As disgruntled Gunners fans prepare to fly a banner at the next away game calling for the sacking of Arsene Wenger, the 67-year-old has admitted that people power will play a part in his future.
“Fans will have an influence,” he admitted in a recent news conference. “You consider everything. It will not be the most important factor but you consider it, of course. I’ve worked very hard for 20 years to make the fans happy and when you lose I understand they are not.”
Make no mistake about it, with the rising groundswell of opposition to the long-time boss being offered a new contract this summer, Wenger’s days are numbered at the Emirates. While the Frenchman has largely enjoyed the support of the majority of Gunners fans over his 20-year tenure due to success on the pitch, their patience is now wearing thin.
There is arguably nothing more influential in football than popular opinion. Take, for example, the capping of away match tickets at £30 by all Premier League sides at the start of the season. The move came following the concerted and continued efforts of supporters’ groups, who had long protested that they were being unfairly hit in the pocket by clubs. According to a recent study by money-saving website Voucherbox, which takes into account both ticket and travel costs, Gunners fans would actually save around £183 a year by attending each of the club’s 19 away games rather than going to home matches.
Similarly, Cardiff City is also an eminent example of people power in action. When businessman Vincent Tan took over the Bluebirds in 2012, he extraordinarily ended over 100 years of tradition by changing the club’s trademark colours from blue to red. Understandably, Cardiff’s fan base were unimpressed with the abrupt switch-up, which Tan incredulously justified by describing red as a “lucky” colour. Following three years of widespread fan protests in the Welsh capital, the Malaysian investor performed an even more extraordinary U-turn by reverting the club’s home colours to blue two years ago.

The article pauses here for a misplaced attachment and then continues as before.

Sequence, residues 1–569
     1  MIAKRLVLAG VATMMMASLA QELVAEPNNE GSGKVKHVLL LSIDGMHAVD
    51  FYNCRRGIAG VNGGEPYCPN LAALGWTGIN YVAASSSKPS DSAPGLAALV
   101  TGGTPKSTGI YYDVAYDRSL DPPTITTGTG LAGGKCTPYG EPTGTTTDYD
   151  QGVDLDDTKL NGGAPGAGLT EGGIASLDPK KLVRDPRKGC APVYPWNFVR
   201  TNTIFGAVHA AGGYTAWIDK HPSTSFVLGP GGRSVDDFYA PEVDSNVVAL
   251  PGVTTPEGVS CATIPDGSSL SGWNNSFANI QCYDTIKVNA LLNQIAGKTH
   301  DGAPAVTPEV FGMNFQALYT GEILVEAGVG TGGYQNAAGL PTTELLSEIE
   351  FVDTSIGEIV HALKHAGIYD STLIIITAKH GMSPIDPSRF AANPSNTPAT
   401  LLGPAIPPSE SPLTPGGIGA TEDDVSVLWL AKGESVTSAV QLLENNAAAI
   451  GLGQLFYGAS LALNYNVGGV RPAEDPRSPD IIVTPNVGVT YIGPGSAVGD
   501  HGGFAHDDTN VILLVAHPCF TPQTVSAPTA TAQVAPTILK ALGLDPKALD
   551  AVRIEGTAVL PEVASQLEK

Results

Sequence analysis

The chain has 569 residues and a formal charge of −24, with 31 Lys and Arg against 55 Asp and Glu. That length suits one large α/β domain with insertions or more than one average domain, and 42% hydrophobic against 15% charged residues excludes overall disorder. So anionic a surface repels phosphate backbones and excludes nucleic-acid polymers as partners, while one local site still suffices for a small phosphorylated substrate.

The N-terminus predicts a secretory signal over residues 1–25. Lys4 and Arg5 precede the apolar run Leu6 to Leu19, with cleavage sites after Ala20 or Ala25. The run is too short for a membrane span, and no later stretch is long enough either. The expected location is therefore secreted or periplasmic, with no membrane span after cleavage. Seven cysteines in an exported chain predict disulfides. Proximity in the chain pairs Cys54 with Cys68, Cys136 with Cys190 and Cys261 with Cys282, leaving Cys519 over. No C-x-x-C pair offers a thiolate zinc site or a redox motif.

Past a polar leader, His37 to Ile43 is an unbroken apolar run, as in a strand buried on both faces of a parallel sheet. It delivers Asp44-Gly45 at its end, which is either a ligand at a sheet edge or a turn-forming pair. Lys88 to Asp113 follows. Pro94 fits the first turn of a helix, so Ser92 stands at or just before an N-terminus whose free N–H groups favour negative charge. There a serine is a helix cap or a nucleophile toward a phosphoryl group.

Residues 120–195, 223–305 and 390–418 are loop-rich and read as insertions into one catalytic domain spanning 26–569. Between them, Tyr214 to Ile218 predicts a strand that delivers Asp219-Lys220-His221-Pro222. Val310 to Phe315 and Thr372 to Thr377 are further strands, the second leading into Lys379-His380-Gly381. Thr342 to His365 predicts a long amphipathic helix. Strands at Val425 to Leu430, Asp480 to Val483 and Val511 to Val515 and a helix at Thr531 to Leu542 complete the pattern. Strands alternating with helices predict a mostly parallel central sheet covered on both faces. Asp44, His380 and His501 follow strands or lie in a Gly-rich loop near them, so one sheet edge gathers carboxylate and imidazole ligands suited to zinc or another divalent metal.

With Arsenal currently lying fifth in the table, missing out on Champions League action next season seems a genuine possibility – with the FA Cup remaining the solitary, but admittedly slim, chance for silverware. For a lot of fans, this is no longer good enough; Arsenal have struggled to keep up with their Premier League rivals over the past several years, and title contention has barely seemed likely.
If fans can drive down ticket prices and force about a change in the very identity of their club, regime change is surely not out of the question, either. Indeed, Wenger should be concerned by a recent statement from Arsenal chairman Sir Chips Keswick, who despite claiming that “any decisions [on Wenger’s future] will be made mutually”, refused to give the Frenchman the board’s full backing in the form of an extension to his current contract, due to expire in the summer.
Do you have any thoughts on Wenger’s future at the Emirates? Let us know in the comments section below.